What is DMAIC?
DMAIC is a data-driven, problem-solving approach that helps make incremental refinements and optimisations to products, designs and business processes. It was created in the 1980s as part of the Six Sigma methodology by Motorola engineer, Bill Smith. The Six Sigma approach was designed to drive continual improvement in manufacturing processes using data and statistics.
What are the different steps of the DMAIC process?
DMAIC has 5 interconnected steps: Define, Measure, Analyse, Improve and Control. Each phase is designed to have a cumulative effect: to build on information and data generated in the previous stages and to be repeated over multiple iterations.
- Define: The Define phase establishes what a problem is and what’s needed to accomplish a solution. This part of the process is where you clearly state your problem, the end goal and the scope it will take to achieve it. This phase helps you understand the process in its entirety and which elements are critical to quality, otherwise referred to as 'CTQs'. Inputs and outputs are usually outlined with a SIPOC diagram – SIPOC being an acronym for suppliers, inputs, process, outputs and customers. This information is typically captured in a project charter document, which sets out the shape of your DMAIC process.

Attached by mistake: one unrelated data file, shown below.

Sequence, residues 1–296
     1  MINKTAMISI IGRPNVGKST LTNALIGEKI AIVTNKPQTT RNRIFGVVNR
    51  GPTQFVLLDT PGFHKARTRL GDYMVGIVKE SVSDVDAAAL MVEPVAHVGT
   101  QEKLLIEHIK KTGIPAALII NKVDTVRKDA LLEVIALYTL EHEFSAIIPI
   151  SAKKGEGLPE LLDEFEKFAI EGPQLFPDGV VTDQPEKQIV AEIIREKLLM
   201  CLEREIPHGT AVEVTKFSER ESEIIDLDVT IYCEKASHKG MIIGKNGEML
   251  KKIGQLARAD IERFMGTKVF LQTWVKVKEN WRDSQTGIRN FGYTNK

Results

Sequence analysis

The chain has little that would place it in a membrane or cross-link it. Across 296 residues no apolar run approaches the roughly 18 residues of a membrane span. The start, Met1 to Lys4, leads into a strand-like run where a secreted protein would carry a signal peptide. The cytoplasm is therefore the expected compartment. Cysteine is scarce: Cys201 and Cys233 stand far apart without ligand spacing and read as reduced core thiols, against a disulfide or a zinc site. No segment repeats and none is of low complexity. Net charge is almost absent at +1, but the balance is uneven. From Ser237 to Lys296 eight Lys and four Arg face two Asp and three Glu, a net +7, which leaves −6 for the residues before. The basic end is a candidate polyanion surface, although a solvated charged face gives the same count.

- Measure: Once you’ve understood your process problem, you need to outline how you’re going to observe the changes you make to it. Of course, with a data-driven approach, having good data is essential to the DMAIC process. As such, the purpose of the Measure phase is to establish your current process performance and what data you’ll be analysing. From there, you can use a data collection plan to monitor your performance as you make changes and to compare at the end of the project.
- Analyse: You should now have a baseline of data that you can use to start making decisions about your process. As you might expect, the analyse phase is the perfect time to go through that data. Here, you and your team members will build a current process map using your data to understand where issues in your process begin. While some Six Sigma projects use more complicated tools for this, fishbone diagrams and Pareto charts are perfectly sufficient and commonly-used methods for conducting root cause analysis. Once you’ve identified several root causes, it’s time to involve your team. Have them vote to decide where the focus of your DMAIC process should be moving forward.